Fired Professor Doesn't Expect Change Of Heart
Mar. 24, 1986
PORT WASHINGTON, N.Y. (AP) _ When a colleague at Rutgers University praised Adolf Hitler during a 1935 debate as a ''German Roosevelt,'' Lienhard Bergel took exception.
The incident exacerbated tensions within the German department and before the end of the year Bergel was fired, allegedly for incompetence. He believes it was really for his criticizing his colleagues' view of the Nazis.
Bergel went on to a distinguished career at the City University of New York and three times was awarded Fulbright scholarships. Now 80 and retired here, he says he gave the incident little thought over the years.
A Rutgers alumnus, however, has persuaded the New Brunswick, N.J., school to investigate the firing. A committee formed in September to assess the case is scheduled to announce its findings in June, said Morris Roth, a Rutgers spokesman.
Professor David Oshinsky, who heads the investigation, said the committee has interviewed many people, looked through FBI files and examined university records.
''We're not writing this report to please the university president. We're not writing it to please Dr. Bergel. We're writing it to get at the truth,'' Oshinsky said.
In a recent interview, Bergel said that although he did not start the inquiry, when others did ''I felt I owed it to members of my profession that people see what was possible then and might be possible in the future.''
One result of the inquiry has been the discovery of an FBI file on Friederich J. Hauptmann, the department head who fired Bergel. The file says Hauptmann ''made suspicious contacts with German vessels in 1934, 1935 and 1936.''
One document says, ''In the summer of 1934, while the U.S. Army was engaged in extensive maneuvers at Sandy Hook, Hauptmann and an unidentified woman doctor from New York City rented a cottage there and spent many hours observing and studying the details of these maneuvers. When the maneuvers were completed, Hauptmann very suddenly gave up the cottage and returned to New Brunswick.''
The file characterizes the case as espionage and contains a letter from then-FBI Director J. Edgar Hoover ordering an investigation.
Bergel remembers an FBI agent at his front door the day after a panel appointed by the university upheld his firing.
''He said, 'We have been surveying him (Hauptmann) since 1933 and he is under suspicion of spying for the Nazis,''' Bergel recalled.
Bergel, who retired in 1975 as a professor of comparative literature at CUNY, was born in Germany.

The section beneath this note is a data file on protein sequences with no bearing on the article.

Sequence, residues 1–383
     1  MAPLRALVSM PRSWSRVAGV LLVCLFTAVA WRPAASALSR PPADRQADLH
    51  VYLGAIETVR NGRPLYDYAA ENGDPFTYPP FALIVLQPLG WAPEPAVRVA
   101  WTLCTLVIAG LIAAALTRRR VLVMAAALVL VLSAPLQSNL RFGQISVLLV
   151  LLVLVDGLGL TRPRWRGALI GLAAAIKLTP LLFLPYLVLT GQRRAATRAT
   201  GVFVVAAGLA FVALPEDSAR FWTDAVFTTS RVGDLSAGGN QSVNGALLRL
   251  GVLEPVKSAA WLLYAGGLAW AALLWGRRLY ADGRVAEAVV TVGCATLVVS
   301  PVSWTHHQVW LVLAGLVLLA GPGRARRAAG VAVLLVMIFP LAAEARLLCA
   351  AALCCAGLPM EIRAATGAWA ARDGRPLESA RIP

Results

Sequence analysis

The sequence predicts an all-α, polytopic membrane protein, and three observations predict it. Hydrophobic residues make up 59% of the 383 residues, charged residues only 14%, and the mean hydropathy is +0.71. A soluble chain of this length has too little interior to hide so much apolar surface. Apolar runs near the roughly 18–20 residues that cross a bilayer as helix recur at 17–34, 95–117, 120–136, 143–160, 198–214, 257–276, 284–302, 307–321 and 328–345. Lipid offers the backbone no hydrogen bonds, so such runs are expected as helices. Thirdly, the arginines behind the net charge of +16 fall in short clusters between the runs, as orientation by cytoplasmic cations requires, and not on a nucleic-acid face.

He was disturbed by the rise of the Nazis, whom he remembers as ''superpatriotic soldiers from World War I eager for a war of revenge.'' When the Rutgers job became available, he decided to leave Germany.
At Rutgers' New Jersey College for Women, now Douglass College, he wanted to talk with his colleagues about German literature.
''What they really wanted to talk about were the Nazis,'' he said. ''It inevitably led to an argument. They insisted Germany needed a strong man and Hitler was the man.''
A major turning point came at a League of Women Voters' debate where a member of the German department described Hitler as a German Roosevelt, Bergel said.
When Bergel attacked that comparison he was criticized by his colleagues and tensions intensified, he recalled.
His firing was upheld by the trustees when he appealed it.
In November 1940, Hauptmann sent a letter to Rutgers' president asking for a year's leave of absence with pay, according to the FBI files. Hauptmann apparently had left the country the day before, the files show.
The files contain a letter from Berlin to the German consulate in New York approving an expenditure by Germany for some of the costs ''involving the repatriation of professor Hauptmann.''
The letter said the costs were warranted ''in consideration of the peculiar circumstances of the case.''
Hauptmann later worked for Joseph Goebbels in the Nazi propaganda ministry. After the war, he was arrested and briefly imprisoned, according to U.S. Army records.
The 141-page FBI file was sent to Bergel by Alan Silver, a Highland Park, N.J., management consultant and member of Rutger's Class of 1935 who led the effort for reconsideration of Bergel's case. Silver said he was inspired by Rutgers students' anti-apartheid rallies last year.
Hauptmann eventually departed from his pro-Nazi stand, taught in Austria, and is believed dead, according to Silver.
Bergel, who has never met Silver, said he's not optimistic that the school will alter its official position that the firing was justified.
''I have no confidence in any official connected with Rutgers University,'' Bergel said. ''What I believe will happen, they will say it was a case of incompatibility, that I couldn't get along with them.''